Who is affected by the EU’s VAT e-commerce package that will be introduced on 1 July 2021? The e-commerce changes will affect you if you are:
supplying goods from Northern Ireland to non-VAT registered consumers in the EU
supplying goods from the EU to non-VAT registered consumers in Northern Ireland
sending 'low value' goods to Northern Ireland (or the EU) from outside the EU and Northern Ireland (including from Great Britain, England, Scotland and Wales).
Under certain circumstances, online marketplaces that are facilitating transactions, will also be affected.
What are the changes that are being introduced in this e-commerce package?
The EU’s e-commerce package will mean changes to the Business to Consumer (B2C) sale of goods between Northern Ireland and the EU, and the import of 'low value' B2C goods into the EU or Northern Ireland from outside the EU.
Overview of changes:
a new single EU-wide threshold of £8,818 (€10,000) will be introduced for the B2C sale of goods in the EU. The threshold only applies to sales of B2C goods to and from Northern Ireland, which means that suppliers sending goods from the EU to consumers in Northern Ireland who exceed the threshold will have to account for UK VAT in the United Kingdom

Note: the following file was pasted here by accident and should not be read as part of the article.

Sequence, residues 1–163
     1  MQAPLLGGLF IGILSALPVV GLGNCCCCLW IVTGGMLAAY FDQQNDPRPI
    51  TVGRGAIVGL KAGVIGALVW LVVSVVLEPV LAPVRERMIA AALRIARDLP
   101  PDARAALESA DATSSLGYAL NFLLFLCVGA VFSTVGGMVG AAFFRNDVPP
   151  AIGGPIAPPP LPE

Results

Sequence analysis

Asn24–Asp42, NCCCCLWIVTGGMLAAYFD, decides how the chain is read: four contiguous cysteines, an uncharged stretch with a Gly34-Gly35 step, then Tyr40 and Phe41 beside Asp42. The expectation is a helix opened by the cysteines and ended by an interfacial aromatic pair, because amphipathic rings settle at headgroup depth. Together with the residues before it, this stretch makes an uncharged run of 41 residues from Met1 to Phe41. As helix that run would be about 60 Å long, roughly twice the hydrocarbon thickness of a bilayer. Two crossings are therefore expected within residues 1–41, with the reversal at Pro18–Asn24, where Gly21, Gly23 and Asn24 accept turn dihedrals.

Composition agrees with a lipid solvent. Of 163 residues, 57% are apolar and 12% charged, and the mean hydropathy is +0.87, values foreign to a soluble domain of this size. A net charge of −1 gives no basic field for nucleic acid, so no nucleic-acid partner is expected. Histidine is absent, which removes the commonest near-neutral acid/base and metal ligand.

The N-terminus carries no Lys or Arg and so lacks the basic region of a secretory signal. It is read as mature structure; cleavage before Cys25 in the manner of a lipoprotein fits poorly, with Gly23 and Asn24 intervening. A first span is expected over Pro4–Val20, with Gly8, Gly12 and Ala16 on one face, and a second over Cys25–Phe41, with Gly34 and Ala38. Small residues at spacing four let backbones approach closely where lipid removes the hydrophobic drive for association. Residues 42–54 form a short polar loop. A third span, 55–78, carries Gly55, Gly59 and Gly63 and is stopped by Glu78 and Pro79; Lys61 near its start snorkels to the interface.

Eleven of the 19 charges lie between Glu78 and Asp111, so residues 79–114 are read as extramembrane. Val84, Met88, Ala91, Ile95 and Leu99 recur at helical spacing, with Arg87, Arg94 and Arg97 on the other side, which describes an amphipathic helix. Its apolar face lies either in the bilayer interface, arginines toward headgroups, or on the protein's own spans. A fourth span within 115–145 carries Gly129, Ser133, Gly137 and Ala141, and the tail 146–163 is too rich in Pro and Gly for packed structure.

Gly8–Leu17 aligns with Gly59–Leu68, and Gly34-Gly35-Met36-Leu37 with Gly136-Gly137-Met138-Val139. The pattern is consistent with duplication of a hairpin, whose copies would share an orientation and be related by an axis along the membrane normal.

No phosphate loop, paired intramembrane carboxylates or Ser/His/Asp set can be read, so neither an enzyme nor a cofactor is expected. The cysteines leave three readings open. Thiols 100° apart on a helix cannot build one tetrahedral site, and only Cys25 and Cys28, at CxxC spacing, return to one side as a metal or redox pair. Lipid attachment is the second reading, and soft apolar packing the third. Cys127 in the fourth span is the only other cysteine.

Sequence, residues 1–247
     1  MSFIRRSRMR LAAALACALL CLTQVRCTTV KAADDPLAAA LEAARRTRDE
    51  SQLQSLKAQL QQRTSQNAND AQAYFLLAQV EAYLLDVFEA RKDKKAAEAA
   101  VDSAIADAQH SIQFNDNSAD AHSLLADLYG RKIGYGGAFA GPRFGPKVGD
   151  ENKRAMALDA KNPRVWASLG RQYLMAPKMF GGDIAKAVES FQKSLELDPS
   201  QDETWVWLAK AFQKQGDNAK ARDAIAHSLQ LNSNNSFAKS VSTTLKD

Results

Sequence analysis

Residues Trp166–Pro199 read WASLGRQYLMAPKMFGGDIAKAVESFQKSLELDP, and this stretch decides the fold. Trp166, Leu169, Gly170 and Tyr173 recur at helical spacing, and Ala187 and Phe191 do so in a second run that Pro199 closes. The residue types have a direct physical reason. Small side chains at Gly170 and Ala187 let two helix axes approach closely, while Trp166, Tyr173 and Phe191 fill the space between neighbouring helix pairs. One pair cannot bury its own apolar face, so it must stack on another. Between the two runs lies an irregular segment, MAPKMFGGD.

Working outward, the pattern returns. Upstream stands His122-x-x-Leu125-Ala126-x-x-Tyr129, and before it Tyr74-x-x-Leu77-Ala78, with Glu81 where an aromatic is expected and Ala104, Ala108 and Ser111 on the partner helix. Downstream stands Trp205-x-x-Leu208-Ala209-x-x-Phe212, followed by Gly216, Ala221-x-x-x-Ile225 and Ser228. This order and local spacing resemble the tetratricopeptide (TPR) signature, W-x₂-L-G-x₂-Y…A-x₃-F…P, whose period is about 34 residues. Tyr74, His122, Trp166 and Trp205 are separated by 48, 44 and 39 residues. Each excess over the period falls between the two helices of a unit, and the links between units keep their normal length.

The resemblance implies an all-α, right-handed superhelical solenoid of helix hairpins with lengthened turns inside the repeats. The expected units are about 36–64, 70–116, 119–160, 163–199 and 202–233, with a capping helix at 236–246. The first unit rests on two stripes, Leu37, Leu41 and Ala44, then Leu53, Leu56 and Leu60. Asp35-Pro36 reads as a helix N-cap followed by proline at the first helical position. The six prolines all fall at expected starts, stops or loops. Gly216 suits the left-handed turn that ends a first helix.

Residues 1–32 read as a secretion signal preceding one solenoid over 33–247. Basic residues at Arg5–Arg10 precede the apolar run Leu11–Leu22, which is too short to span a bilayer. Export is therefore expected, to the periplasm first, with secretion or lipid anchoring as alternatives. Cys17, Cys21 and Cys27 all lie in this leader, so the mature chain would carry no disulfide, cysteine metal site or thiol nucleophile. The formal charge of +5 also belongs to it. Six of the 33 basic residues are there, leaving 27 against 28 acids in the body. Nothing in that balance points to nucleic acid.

online marketplaces will be liable for collecting and accounting for VAT on goods supplied to consumers in Northern Ireland, under certain circumstances
the EU will remove low value consignment relief (LVCR) on imported goods, which relieves import VAT on consignments of goods of up to €22. LVCR was removed in Northern Ireland on 1 January 2021 in line with wider UK reforms
two new EU-wide IT systems will be introduced: one for the declaration and payment of VAT on imports of low value consignments (IOSS); and the other for the declaration and payment of VAT on B2C sales of goods within the EU (OSS). Both systems are designed to reduce administrative burdens on business and to facilitate the collection of VAT across the EU
for goods sent from Great Britain to Northern Ireland via an online marketplace that is registered for IOSS, the online marketplace will be liable for payment of VAT on non-excise goods in consignments not exceeding an intrinsic value of €150, rather than the seller.
What are the One Stop Shop and Import One Stop Shop, and why are they being introduced?
To support UK traders, HMRC will introduce two new VAT e-commerce IT systems to link with the new EU-wide IT systems.
The One Stop Shop (OSS) will be introduced to reduce the administrative burden on businesses.
The new opt-in online One Stop Shop will provide traders with a quarterly VAT reporting and payment system and allows you to register for VAT electronically in a single member state for all the eligible sales of goods across any of the EU Member States. This will reduce the administrative burden on your business, as you will only have to deal with one administration, in one language, even if your sales are EU-wide.